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Merkel Braces For Migration Dominated Regional Elections

BERLIN (Reuters) – Germans vote in three regional state elections on Sunday, with Chancellor Angela Merkel’s conservatives at risk of setbacks that would weaken her just as she tries to push through a deal to resolve Europe’s migrant crisis.

Migration is the hot topic, as worry how Germany will cope with an influx, totalling more than a million last year alone, that has come to define Merkel’s leadership, and on which she has staked her reputation.

Merkel’s conservative Christian Democrats (CDU) have been losing support to the anti-immigration Alternative for Germany (AfD) party, which has profited from the growing unease.

Asked at a campaign rally on Saturday how she was preparing for Sunday’s results, Merkel said: “I’m crossing my fingers.”

BERLIN, GERMANY - MARCH 12: Right-wing activists gather to march in the city center and protest against German Chancellor Angela Merkel on March 12, 2016 in Berlin, Germany. Germany will hold state elections in three states tomorrow and the right-leaning populist Alternative fuer Deutschland (Alternative for Germany, AfD) political party will very likely gain seats in all three state parliaments. AfD leaders however distanced themselves from today's right-wing march and urged AfD supporters not to participate. Right-wing groups are seeking to profit from the unease of many Germans with Merkel's liberal immigration policy that resulted in 1.1 million migrants and refugees arriving in Germany in 2015. (Photo by Carsten Koall/Getty Images)

Right-wing activists gather to march in the city center and protest against German Chancellor Angela Merkel on March 12, 2016 in Berlin, Germany. (Carsten Koall/Getty)

Polls indicate that the CDU will remain the biggest party in Saxony-Anhalt, in former East Germany. In the west, it could be pipped by the Greens in Baden-Wuerttemberg, where it is currently the largest party. And in Rhineland-Palatinate, where the CDU came a close second last time, the race is too close to call.

A failure to win at least two of the three states would be a blow for Merkel just as she is trying to use her status as Europe’s most powerful leader to push through an EU deal with Turkey to stem the tide of migrants.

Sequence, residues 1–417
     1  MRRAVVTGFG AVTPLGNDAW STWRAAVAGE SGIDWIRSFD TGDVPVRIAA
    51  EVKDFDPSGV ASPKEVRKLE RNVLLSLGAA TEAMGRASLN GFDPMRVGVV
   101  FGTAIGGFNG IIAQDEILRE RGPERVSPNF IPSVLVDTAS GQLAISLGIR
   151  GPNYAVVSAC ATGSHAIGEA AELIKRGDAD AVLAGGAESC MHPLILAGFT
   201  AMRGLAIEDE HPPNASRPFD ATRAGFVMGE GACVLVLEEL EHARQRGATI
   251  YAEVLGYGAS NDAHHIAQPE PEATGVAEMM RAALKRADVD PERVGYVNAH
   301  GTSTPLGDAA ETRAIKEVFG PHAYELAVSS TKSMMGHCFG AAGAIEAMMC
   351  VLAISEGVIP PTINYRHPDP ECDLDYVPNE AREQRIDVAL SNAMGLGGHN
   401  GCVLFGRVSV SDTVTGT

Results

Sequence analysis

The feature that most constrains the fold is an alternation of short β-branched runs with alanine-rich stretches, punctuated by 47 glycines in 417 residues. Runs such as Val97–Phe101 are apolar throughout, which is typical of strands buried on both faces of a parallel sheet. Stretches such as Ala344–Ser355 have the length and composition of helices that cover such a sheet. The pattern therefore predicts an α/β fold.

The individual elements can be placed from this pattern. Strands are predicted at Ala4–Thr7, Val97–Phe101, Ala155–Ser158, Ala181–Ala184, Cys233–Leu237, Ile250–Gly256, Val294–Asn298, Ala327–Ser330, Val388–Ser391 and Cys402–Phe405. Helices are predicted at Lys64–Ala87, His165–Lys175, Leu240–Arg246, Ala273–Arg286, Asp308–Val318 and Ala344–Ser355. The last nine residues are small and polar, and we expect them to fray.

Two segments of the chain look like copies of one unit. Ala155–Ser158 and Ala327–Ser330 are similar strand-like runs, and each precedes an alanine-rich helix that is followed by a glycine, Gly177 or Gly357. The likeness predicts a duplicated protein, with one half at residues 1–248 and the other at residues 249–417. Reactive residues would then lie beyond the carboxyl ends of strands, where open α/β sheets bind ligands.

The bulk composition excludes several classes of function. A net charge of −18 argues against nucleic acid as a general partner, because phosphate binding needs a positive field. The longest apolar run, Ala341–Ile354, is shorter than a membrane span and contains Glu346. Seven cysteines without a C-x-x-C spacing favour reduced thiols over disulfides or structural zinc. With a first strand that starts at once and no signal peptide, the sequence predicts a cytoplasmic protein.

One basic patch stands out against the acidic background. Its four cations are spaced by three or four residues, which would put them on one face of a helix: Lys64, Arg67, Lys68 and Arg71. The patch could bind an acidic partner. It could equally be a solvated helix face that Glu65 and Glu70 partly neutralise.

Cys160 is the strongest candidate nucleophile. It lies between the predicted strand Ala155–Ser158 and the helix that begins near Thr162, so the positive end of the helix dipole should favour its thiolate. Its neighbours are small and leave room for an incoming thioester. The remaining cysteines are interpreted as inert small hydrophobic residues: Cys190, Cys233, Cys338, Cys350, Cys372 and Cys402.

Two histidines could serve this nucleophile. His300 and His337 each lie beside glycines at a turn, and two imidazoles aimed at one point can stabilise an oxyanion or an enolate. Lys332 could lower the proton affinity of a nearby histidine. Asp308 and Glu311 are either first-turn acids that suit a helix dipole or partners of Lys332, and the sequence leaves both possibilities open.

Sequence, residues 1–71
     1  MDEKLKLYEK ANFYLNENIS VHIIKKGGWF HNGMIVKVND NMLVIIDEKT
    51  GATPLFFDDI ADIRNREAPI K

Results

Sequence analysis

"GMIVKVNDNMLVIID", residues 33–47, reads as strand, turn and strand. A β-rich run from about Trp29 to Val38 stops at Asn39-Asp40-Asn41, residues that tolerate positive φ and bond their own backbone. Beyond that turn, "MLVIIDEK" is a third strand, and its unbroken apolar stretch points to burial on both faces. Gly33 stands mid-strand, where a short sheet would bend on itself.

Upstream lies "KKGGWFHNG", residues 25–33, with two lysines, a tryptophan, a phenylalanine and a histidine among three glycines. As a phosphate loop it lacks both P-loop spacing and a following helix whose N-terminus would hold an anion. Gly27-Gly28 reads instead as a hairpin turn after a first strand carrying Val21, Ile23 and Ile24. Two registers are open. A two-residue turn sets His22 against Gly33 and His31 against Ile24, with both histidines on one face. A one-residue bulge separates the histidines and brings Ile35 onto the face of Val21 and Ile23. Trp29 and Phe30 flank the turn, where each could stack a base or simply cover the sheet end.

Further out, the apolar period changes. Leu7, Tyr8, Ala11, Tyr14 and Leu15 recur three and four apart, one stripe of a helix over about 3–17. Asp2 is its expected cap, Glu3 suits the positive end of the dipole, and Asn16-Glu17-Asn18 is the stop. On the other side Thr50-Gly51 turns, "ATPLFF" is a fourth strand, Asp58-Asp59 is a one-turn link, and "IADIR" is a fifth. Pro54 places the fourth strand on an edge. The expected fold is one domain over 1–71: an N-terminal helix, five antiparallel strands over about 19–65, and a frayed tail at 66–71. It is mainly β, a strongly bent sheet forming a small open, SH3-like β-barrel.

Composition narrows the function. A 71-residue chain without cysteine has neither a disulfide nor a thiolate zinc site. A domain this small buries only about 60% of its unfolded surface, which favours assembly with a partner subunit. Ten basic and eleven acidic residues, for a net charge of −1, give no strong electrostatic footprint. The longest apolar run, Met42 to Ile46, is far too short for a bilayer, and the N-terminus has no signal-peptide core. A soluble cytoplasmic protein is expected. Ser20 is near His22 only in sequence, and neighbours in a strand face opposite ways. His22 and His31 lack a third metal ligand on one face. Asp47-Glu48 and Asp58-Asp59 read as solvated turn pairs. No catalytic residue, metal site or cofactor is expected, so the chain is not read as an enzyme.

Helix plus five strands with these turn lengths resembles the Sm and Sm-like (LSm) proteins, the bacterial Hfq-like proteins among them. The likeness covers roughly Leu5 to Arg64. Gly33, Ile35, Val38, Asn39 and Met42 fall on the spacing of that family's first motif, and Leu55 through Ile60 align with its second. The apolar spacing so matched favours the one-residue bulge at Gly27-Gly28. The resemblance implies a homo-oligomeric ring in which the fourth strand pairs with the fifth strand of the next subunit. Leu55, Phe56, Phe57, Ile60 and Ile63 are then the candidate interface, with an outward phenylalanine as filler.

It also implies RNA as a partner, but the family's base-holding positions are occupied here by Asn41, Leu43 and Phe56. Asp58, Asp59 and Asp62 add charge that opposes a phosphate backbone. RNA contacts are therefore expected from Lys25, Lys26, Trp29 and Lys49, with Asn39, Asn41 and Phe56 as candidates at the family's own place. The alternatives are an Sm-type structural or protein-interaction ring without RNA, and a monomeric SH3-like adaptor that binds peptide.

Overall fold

The chancellor alarmed many European leaders at a summit earlier this week by gambling on the last-minute draft deal with Turkey to stop the migrant flow, and demanding their support.

Merkel still needs to seal the deal at another summit on March 17-18. If her party performs poorly on Sunday, she will go into that meeting weakened.

One of those draining support from Merkel’s CDU is the AfD.

BERLIN, GERMANY - MARCH 12: Left-wing activist protest against a right-wing march against the German Chancellor Angela Merkel in the city center on March 12, 2016 Berlin, Germany. Germany will hold state elections in three states tomorrow and the right-leaning populist Alternative fuer Deutschland (Alternative for Germany, AfD) political party will very likely gain seats in all three state parliaments. AfD leaders however distanced themselves from today's right-wing march and urged AfD supporters not to participate. Right-wing groups are seeking to profit from the unease of many Germans with Merkel's liberal immigration policy that resulted in 1.1 million migrants and refugees arriving in Germany in 2015. (Photo by Carsten Koall/Getty Images)

Left-wing activist protest against a right-wing march against the German Chancellor Angela Merkel in the city center on March 12, 2016 Berlin, Germany. (Carsten Koall/Getty Images)

Already represented in five of Germany’s 16 regional parliaments, the anti-immigration party looks set to burst into three more on Sunday, campaigning on slogans such as “Secure the borders” and “Stop the asylum chaos”.

Polls put the AfD’s support as high as 19 percent in Saxony-Anhalt, where the CDU and Social Democrats now govern in a ‘grand coalition’ that mirrors Merkel’s federal government.

If the AfD performs as well as the polls indicate, the coalition partners may need to team up with a third party to assemble a majority – one of a number of potential ‘firsts’ for German politics as voter loyalties splinter.

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